Recommended Observation Techniques, Charts & Tools
Push-to or Human Go-to - A number of years ago the phrase 'push-to' was coined and is used by many amateur astronomers to describe the simplicity of Dobsonian telescopes that relies simply on the telescope user to either push the scope to objects of interest or else just randomly moving the scope around until an object of interest comes into the field of view. I have spent many a night in my 'star drive' with stars wizzing-by as a blur in my hand-pushed telescope.
When some intersting smudge wizzed past I would i simply stop and reverse my hand's motion to bring the object back into the eyepiece's view - Light-speed, Chewie!!!!
The push-to method is not only limited to dobsonian telescopes. This method can also be applied to most all telescopes including Refractors on alt-az mounts. By using the 'push-to' method, I got more enjoyment and learning than my fancy 'goto' systems (which I often spent as much time learning how to operate and maintain as I did learning the night sky).
So for now, cheap astronomers, let's not bother with the fancy go-to gear [computerised, robotic telescope mounts] and invest the time in learning the sky by naked eye (or using cheap gear) with assistance from star charts or smart-phone/computer software applications).
One of the easiest ways to acquaint yourself with the night sky is with the aid of one of the many freely available sky mapping / star chart software programs available for most popular smart-phones and portable computer devices. Please see the next section for links which explain how you can download these free applications for your device.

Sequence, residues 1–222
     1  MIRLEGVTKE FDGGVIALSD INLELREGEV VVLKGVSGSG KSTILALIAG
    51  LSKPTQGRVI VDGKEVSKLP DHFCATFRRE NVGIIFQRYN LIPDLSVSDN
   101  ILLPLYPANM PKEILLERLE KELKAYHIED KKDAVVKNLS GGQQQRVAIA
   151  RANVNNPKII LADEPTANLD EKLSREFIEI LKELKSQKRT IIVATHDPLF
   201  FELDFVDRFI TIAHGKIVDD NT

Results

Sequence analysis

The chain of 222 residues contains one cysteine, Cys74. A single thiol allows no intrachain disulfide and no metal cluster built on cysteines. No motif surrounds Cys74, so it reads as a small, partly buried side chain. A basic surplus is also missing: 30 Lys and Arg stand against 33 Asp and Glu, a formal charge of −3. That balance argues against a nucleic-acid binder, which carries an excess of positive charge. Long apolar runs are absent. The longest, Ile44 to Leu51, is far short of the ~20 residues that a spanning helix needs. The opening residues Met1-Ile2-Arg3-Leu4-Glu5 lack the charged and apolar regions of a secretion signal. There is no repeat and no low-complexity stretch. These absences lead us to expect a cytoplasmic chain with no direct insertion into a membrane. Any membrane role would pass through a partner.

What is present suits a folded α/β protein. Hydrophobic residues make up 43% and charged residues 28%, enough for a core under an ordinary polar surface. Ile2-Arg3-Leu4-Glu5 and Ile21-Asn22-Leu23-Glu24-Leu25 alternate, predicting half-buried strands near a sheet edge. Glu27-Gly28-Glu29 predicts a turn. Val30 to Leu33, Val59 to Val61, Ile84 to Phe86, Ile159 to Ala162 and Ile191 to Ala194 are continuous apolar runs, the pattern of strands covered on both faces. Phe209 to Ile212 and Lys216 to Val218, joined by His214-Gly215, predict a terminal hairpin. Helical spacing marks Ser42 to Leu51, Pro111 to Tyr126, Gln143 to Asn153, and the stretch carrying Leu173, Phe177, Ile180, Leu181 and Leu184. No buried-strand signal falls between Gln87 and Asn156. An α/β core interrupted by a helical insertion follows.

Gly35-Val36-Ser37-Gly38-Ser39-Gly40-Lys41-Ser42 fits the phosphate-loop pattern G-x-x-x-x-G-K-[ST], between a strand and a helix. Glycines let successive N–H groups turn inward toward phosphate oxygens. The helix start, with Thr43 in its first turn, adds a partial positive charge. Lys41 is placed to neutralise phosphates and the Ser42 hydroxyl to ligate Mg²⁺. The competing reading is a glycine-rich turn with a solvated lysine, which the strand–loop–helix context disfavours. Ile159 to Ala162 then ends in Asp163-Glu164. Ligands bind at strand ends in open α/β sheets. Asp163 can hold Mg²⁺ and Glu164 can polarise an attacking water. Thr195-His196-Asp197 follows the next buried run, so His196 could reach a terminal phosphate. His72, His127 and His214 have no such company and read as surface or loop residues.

If you do not own or wish to use a portable device, then you can use your laptop or computer with the free online Star Chart at Sky View Cafe: http://www.skyviewcafe.com/skyview.php
Free Star Chart Downloads
Stellarium - is a free, multi-platform, open-source planetarium for your computer, laptop or Apple IOS-based device. It shows a very realistic sky, similar to what you see with the naked eye, binoculars or a telescope. Surprising feature-rich, easily surpassing many paid-for apps.
SFA Observatory is providing this free downloadable .pdf (Adobe Reader required). The SFA Star chart also contains instructions on how to use the star chart and the last page explains which chart to use for your location with tips and techniques explained.
TUBA - Touring the Universe through Binoculars Atlas -
Free star chart software tailored to objects viewable with binoculars. TUBA runs on all computers running MS-Windows.
Also please see Phil Harrington's: Binocular Universe - http://www.cloudynights.com/item.php?item_id=2712
This website provides a free star chart software download and also an online version:
Star Chart & Sky Mapping apps for portable devices
Apple iPhone / iPad & IOS-based devices
Stellarium - Free planetarium / star mapper for your Apple IOS-based device. If you want the Apple iPhone or iPad versions, simply click on the "App Store" icon on your iPhone/iPad and search for "Stellarium" It will appear as a free download and you will need to log-in with your Apple ID to complete the download.
Starmap Pro (paid) - If you crave more features than the free apps, this is in my opinion the best-of-breed iPhone Star Charting app for the serious amateur astronomer. iPad users are also supported with a separate app called Starmap HD.
Android Phones & Devices
SkEye is free in Android Market. "SkEye is an advanced Planetarium that can also be used as a PUSHTO guide for telescopes..."
Google Sky Map (Beta) - free for Android
Vortex Planetarium (low-cost)
Free Astronomy weather & moon phase apps
Apple iPhone / iPad & IOS-based devices
PocketWeather - This great free app provides current local weather, forecasts, telescope sky visibility and moon phases in one convenient app -
Android Phones & Devices
Astro Panel - This handy free app provides weather and information for telescope sky visibility and also moon phases -
Astronomical Images courtesy of: Antilhue amateur astronomy observatory - http://www.verschatse.cl/ and AstroGarage - www.astrogarage.com/
Star Charts courtesy of: Phil Harrington's TUBA -http://www.philharrington.net/tuba